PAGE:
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New York City Proposes Bold Sodium Warnings on Restaurant Menus

Statement of CSPI Executive Director Michael F. Jacobson

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No single meal should be providing a whole day’s worth of sodium, but it’s far too easy to get that much or more at table-service restaurants. New York City’s bold move to require a warning symbol on menu items with a day’s worth of sodium or more would give consumers easy-to-understand information if they wish to avoid some of the unhealthiest meals.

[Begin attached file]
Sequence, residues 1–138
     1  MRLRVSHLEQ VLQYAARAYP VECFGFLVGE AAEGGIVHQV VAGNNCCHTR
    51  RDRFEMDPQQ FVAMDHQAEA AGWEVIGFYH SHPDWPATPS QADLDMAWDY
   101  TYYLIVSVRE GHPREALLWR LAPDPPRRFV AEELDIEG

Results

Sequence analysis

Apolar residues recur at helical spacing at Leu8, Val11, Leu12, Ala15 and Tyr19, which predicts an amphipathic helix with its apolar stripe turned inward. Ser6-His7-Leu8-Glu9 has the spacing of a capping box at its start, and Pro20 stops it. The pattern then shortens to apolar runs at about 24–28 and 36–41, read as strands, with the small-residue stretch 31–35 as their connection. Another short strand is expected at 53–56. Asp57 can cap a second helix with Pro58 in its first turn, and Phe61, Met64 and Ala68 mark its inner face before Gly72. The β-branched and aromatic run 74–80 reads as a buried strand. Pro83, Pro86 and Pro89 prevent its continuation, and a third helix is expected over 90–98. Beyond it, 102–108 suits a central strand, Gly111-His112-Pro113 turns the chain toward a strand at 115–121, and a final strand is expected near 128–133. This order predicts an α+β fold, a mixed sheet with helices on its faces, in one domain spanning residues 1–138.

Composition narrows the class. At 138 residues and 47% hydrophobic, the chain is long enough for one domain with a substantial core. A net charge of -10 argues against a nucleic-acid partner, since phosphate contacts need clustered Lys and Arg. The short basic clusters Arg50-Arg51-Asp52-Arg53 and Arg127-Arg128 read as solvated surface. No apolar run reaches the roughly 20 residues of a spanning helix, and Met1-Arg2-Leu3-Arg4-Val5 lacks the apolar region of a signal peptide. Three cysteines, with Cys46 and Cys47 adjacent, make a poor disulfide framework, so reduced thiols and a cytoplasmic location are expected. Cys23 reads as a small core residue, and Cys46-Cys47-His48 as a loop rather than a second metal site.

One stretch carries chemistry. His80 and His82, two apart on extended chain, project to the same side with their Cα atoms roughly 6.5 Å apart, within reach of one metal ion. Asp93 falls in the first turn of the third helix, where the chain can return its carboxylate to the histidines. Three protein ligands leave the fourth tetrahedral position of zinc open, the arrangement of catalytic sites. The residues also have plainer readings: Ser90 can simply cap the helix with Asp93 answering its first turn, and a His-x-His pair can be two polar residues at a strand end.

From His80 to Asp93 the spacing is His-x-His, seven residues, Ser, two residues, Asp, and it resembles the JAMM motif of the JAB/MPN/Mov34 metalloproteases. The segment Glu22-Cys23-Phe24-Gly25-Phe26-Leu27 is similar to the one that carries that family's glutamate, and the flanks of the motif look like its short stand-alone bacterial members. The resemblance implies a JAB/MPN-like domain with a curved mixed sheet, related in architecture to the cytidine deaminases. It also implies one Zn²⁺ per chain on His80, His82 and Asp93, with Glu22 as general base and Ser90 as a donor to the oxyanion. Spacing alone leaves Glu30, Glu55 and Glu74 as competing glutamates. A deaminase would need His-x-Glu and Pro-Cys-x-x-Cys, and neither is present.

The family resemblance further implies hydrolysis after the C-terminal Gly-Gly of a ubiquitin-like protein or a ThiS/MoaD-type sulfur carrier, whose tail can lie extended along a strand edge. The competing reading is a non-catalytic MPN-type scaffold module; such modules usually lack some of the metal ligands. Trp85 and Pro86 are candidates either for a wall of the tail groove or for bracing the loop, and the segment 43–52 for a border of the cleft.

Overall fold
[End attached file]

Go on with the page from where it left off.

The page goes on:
Most people would never pour a whole teaspoon of salt on any single dish, so shouldn’t people be warned when restaurants are secretly doing that for them?

It’s exciting to see New York City’s health department once again lead the way in public health. As when New York City eliminated artificial trans fat and required calorie counts on chain restaurant menus, this policy, too, deserves to be replicated around the country. High sodium content is probably the single most harmful aspect of our food supply. Sensible warning notices will prompt restaurants to use less salt and will help consumers reduce their risk of stroke or heart attack. 

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Contact Jeff Cronin (jcronin[at]cspinet.org) or Ariana Stone (astone[at]cspinet.org).